At five years, the prophylactic penicillin should be discontinued and this means that unless the child has invasive pneumococcal disease or splenectomy, the prophylactic penicillin should not be administered at six years (Ogu et al., 2021). At six years, the child should be administered a dose of 13-valent pneumococcal conjugate vaccine. Hydroxyurea therapy is also recommended to increase fetal hemoglobin and improve health outcomes such as reducing the frequency of crises and the need for RBC transfusions (Salinas & Thein, 2020). At six years, the child and the mother need to be educated on various measures in sickle cell disease management such as drinking plenty of water, trying not to get too cold or too hot, avoiding situations associated with high attuites such as flying or climbing, athletic competition or exhausting exercises (Ogu et al., 2021). Booster meningitis immunization needs to continue as recommended. Additionally, at 6 years the child should continue receiving a flu shot and folic acid. A high intake of diet rich in iron, vegetables, and fruits are recommended. To help decrease the number of pain crises, hydroxyurea is recommended (Sanyaolu et al., 2020). However, close monitoring by a doctor is important to prevent complications and infections.
At 13 years, close monitoring needs to continue, including receiving the flu and pneumonia shots accordingly. The child should also be referred to an ophthalmologist for dilated retinal examination. The child should also be closely monitored by a nephrologist to examine the kidney function, including screening for renal disease (Ogu et al., 2021). This should actually start at 10 years of age. It is also important to screen the child for vascular disease and stroke risk. Apart from management, at 13 years the child needs mental health help from a mental health practitioner to provide counseling that may be necessary.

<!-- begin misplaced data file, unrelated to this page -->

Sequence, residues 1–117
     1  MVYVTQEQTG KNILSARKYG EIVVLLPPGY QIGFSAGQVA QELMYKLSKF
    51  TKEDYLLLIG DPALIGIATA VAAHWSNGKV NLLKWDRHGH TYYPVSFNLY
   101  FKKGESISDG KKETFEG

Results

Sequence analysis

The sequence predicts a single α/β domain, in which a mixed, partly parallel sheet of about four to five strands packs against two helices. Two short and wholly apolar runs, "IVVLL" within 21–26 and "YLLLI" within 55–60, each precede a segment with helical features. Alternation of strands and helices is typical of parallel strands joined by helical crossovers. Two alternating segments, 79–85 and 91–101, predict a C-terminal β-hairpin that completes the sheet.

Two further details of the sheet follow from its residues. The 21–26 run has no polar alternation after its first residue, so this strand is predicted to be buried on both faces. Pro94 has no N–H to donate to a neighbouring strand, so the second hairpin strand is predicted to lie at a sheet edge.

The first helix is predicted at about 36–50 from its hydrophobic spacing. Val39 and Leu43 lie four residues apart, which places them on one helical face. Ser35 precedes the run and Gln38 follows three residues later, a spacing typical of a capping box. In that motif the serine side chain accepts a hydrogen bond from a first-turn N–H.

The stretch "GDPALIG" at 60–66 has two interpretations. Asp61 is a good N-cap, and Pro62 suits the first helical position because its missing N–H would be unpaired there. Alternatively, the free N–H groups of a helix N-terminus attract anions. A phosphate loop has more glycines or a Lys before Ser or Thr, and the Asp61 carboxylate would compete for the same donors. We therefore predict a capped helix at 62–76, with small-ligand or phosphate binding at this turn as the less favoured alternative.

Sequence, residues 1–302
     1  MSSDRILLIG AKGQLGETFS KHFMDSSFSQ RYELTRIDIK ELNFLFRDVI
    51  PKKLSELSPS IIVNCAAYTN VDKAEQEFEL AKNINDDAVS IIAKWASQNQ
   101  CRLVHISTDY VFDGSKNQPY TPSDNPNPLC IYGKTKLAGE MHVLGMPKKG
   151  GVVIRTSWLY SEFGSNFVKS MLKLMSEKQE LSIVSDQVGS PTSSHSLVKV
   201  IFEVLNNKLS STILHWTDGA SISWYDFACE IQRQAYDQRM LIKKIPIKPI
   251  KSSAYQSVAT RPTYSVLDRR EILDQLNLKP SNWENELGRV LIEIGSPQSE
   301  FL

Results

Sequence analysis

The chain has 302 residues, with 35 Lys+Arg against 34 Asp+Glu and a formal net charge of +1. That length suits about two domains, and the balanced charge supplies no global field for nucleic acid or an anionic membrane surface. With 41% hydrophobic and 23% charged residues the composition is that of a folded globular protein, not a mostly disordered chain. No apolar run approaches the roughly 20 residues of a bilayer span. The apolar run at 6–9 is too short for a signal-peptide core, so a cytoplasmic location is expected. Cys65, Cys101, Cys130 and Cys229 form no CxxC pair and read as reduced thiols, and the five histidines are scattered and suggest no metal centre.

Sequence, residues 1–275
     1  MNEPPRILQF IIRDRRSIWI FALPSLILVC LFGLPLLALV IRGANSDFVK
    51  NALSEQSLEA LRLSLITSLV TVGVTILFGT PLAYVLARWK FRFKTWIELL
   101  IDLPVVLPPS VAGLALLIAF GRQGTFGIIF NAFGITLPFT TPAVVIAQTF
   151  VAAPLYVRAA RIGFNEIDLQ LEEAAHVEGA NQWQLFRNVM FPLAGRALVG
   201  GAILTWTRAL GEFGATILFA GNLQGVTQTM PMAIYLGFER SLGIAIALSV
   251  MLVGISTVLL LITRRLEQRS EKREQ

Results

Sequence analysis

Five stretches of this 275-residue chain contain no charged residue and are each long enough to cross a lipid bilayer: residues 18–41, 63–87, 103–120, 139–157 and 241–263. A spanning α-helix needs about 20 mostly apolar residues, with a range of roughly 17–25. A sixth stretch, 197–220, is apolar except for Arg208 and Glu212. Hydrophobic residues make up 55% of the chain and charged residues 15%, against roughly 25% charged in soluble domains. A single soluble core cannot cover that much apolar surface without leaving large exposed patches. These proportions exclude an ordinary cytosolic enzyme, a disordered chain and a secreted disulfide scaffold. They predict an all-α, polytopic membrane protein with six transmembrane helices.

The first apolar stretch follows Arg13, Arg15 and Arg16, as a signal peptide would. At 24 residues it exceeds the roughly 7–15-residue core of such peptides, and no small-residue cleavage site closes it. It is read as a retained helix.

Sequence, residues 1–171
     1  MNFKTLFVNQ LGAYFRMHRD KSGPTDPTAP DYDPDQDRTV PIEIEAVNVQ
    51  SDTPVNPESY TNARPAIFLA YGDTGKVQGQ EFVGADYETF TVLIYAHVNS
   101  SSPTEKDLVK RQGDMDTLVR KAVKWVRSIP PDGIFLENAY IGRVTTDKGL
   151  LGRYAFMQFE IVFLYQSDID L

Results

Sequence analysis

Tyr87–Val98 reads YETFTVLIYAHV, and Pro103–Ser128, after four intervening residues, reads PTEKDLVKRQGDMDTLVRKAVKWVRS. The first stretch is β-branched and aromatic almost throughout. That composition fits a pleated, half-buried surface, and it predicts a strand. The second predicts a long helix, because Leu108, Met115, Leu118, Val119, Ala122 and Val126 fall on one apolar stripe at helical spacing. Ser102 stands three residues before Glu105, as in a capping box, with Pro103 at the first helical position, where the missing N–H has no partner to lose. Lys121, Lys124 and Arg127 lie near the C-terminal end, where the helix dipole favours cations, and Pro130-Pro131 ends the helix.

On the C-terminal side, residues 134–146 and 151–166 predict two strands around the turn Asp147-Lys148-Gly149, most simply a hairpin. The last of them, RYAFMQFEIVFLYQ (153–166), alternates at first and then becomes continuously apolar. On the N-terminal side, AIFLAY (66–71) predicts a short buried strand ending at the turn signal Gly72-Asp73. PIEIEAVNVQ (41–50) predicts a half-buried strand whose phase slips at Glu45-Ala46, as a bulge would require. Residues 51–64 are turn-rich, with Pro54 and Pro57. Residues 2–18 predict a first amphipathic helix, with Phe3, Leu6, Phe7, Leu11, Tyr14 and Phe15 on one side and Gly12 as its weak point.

The multidisciplinary team members involved in the care of people with sickle cell disease include a hematologist, primary care provider, cardiologist, neurologist, pulmonologists, nurses, mental health practitioner, and a social worker (Al Zahrani et al., 2020). Each team member has a role to play, for example, the cardiologist manages heart issues, the pulmonologist manages respiratory issues, the hematologist manages sickle cell condition including RBC levels while a mental health practitioner provides the necessary counseling services, etc.
Al Zahrani, O., Hanafy, E., Mukhtar, O., Sanad, A., & Yassin, W. (2020). Outcomes of multidisciplinary team interventions in the management of sickle cell disease patients with opioid use disorders. A retrospective cohort study. Saudi medical journal, 41(10), 1104–1110. https://doi.org/10.15537/smj.2020.10.25386
Ogu, U. O., Badamosi, N. U., Camacho, P. E., Freire, A. X., & Adams-Graves, P. (2021). Management of Sickle Cell Disease Complications Beyond Acute Chest Syndrome. Journal of blood medicine, 12, 101–114. https://doi.org/10.2147/JBM.S291394
Runkel, B., Klüppelholz, B., Rummer, A., Sieben, W., Lampert, U., Bollig, C., … & Angelescu, K. (2020). Screening for sickle cell disease in newborns: a systematic review. Systematic reviews, 9(1), 1-9.
Salinas G., & Thein, S. L. (2020). Recent Advances in the Treatment of Sickle Cell Disease. Frontiers in physiology, 11, 435. https://doi.org/10.3389/fphys.2020.00435
Sanyaolu, A., Agiri, E., Bertram, C., Brookes, L., Choudhury, J., Datt, D., … & Williams, M. (2020). Current modalities of sickle cell disease management. Blood Science, 2(04), 109-116.